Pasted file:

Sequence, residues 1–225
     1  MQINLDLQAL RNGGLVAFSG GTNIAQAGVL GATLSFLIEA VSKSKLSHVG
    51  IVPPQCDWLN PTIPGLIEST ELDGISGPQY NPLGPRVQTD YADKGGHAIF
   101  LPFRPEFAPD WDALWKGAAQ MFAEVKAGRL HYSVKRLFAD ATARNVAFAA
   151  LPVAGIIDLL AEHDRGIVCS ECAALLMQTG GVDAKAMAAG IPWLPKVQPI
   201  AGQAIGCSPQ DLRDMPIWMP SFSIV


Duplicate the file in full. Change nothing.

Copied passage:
Sequence, residues 1–225
     1  MQINLDLQAL RNGGLVAFSG GTNIAQAGVL GATLSFLIEA VSKSKLSHVG
    51  IVPPQCDWLN PTIPGLIEST ELDGISGPQY NPLGPRVQTD YADKGGHAIF
   101  LPFRPEFAPD WDALWKGAAQ MFAEVKAGRL HYSVKRLFAD ATARNVAFAA
   151  LPVAGIIDLL AEHDRGIVCS ECAALLMQTG GVDAKAMAAG IPWLPKVQPI
   201  AGQAIGCSPQ DLRDMPIWMP SFSIV